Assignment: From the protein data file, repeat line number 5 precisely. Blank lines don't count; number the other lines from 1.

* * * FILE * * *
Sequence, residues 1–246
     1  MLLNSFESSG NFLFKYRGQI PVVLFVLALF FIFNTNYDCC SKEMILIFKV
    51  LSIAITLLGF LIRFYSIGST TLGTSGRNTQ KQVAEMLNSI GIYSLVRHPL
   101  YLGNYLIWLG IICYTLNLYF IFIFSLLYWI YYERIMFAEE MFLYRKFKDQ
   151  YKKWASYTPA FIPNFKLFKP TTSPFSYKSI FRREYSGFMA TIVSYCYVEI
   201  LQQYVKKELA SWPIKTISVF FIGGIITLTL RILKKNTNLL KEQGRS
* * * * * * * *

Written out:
   151  YKKWASYTPA FIPNFKLFKP TTSPFSYKSI FRREYSGFMA TIVSYCYVEI